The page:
Last week started a look at the game of chess with Vlad Drkulec, President of the Chess Federation of Canada, which now continues.
For context, I asked if Drkulec played other games Othello, Go, Hive, etc. with a passion equal to chess?
"There is no other game that I play with a passion equal to chess," he replied. "I like other games but they don't excite the feelings that I have for chess."
So, there are thousands of games out there, only a handful have national and international organizations, why has chess been able to create and maintain organization's including CFC?
"Chess is something that you can get lost in and never fully understand unless you are Magnus Carlsen or perhaps an AI like AlphaZero," offered Drkulec. "Chess players can always strive to be a little better than they were yesterday by playing more or studying more or learning from their mistakes.
"Even in the games of beginners there are moments of beauty lying just under the surface. You only have to look for them and notice the opportunity to unleash that beauty on the world.
"Yesterday I was going over the games of one of my students who is all of six or seven years old and he had the opportunity to play one of the mating patterns that I had taught him against his father but didn't because he was playing a three minute game and didn't take the moment to think and recognize the pattern.
"To notice those hidden patterns is the mark of the first steps to chess mastery."
I then queried what has allowed the organization/game to remain active and vibrant?
"I think the players and the personalities that play the game," said Drkulec. "In the end the real opponent is yourself. Chess players love getting together and having fun together. At the tournament hall, you see players playing blitz chess or even one minute bullet chess between rounds. There are many larger than life players who are mostly intelligent and of good humour and fun to be around."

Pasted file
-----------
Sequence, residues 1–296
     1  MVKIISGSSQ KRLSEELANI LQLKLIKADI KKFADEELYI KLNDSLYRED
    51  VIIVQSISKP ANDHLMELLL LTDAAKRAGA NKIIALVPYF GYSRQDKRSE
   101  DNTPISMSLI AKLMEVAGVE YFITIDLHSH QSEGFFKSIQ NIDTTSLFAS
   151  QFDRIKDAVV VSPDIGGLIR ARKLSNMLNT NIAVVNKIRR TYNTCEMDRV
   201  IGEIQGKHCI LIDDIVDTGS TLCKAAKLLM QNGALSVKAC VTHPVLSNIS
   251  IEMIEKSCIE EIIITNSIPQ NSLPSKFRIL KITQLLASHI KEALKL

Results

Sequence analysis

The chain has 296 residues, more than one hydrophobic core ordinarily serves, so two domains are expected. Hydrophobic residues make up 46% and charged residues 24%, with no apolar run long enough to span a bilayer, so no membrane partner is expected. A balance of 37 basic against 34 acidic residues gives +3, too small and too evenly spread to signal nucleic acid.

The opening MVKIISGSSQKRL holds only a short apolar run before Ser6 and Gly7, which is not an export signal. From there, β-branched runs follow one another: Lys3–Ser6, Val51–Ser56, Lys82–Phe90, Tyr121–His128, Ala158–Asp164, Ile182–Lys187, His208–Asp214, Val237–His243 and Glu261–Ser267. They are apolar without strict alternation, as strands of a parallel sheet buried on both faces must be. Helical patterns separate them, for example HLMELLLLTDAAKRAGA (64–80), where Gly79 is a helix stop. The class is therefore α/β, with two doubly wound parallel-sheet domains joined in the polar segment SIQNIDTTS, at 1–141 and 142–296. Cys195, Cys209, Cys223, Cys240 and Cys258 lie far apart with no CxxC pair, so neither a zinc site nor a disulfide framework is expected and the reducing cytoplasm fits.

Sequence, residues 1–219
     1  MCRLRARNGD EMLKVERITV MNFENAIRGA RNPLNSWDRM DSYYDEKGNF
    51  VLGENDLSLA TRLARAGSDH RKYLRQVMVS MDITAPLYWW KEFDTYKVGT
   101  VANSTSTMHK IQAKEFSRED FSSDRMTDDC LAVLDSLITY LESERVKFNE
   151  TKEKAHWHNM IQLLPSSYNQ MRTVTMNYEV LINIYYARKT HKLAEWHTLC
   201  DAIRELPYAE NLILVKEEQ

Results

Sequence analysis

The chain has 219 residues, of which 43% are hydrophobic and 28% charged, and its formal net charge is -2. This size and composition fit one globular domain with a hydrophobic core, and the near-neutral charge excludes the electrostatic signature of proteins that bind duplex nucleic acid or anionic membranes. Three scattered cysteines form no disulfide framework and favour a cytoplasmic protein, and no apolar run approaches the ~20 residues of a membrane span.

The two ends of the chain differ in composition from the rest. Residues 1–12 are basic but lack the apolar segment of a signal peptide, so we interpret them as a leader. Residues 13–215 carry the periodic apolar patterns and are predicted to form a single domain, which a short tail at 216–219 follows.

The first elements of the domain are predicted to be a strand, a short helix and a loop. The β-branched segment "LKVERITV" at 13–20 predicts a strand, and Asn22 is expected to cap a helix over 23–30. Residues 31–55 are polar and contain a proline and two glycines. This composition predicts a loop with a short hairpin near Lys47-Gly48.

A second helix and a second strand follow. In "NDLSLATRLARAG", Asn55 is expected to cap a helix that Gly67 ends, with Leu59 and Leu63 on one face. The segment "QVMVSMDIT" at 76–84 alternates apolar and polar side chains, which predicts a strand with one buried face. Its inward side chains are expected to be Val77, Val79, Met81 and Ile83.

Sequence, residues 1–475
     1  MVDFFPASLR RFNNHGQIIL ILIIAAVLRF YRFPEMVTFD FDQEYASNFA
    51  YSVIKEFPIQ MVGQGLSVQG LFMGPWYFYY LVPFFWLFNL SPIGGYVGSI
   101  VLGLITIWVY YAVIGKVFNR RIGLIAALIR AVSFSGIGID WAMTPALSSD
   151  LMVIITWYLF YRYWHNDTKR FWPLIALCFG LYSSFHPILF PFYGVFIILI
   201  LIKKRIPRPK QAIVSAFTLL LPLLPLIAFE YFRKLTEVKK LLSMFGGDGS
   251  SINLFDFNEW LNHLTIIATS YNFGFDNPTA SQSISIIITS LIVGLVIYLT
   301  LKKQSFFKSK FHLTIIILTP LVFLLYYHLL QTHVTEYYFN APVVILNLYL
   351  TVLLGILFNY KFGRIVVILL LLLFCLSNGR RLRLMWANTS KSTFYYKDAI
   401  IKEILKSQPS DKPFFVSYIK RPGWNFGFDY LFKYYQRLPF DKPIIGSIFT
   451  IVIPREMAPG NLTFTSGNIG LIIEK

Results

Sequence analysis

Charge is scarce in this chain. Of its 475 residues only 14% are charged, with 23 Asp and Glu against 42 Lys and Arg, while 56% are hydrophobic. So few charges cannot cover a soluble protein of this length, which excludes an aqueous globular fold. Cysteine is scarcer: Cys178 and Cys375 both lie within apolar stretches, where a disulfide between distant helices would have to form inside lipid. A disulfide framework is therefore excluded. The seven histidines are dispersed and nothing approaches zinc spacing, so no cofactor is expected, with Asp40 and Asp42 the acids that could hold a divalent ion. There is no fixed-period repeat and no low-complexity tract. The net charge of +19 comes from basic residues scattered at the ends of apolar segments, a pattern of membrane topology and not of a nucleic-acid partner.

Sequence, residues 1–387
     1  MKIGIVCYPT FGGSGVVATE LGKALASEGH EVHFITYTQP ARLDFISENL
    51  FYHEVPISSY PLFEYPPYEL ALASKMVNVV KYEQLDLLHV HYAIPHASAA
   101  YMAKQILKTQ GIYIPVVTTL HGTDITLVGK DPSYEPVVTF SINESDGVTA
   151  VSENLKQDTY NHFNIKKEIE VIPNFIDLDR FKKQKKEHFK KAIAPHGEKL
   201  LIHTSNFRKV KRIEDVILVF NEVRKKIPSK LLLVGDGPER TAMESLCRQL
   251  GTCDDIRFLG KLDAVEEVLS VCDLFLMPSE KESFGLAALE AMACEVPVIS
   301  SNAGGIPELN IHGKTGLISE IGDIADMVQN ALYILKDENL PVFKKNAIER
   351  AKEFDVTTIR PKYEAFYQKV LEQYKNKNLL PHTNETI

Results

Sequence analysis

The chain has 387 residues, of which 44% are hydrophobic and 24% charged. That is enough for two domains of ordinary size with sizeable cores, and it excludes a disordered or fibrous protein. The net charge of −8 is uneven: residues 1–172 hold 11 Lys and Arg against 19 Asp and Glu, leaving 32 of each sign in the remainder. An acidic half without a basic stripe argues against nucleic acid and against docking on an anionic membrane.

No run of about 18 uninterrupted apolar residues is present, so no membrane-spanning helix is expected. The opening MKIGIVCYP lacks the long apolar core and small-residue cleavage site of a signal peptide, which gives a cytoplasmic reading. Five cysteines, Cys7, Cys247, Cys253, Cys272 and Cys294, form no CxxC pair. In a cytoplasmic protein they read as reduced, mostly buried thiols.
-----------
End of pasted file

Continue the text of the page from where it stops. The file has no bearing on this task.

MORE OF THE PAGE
So, has the ability to play online enhanced opportunities for chess?
"It means that you can find a game any time you want," said Drkulec. "It helps people learn the game. It introduces people to the beauty of the game, but it also has its downside, the trolls, the cheaters, those who make false accusations of cheating.
"At some point this year I suspect that I will have more adult students than youngsters mainly because I am getting many enquiries from adults who never played organized chess beyond the online world but want to improve and become something stronger than they have the chance to be without some guidance."
While online allows play anytime, Drkulec said it lacks the personal interaction of being at the table with the opponent.
"Online chess is a bit of a shadow of tournament chess," he said. "It is not the same.
"There is nothing like the feeling of unleashing a combination on an opponent face to face and seeing his or her confidence crumble as too late they see that you understood the position a little better than they did.
"Online chess can be good practice for over the board chess but there are differences that take some getting used to."
Still the ability to play online would seem to enhance opportunities for chess.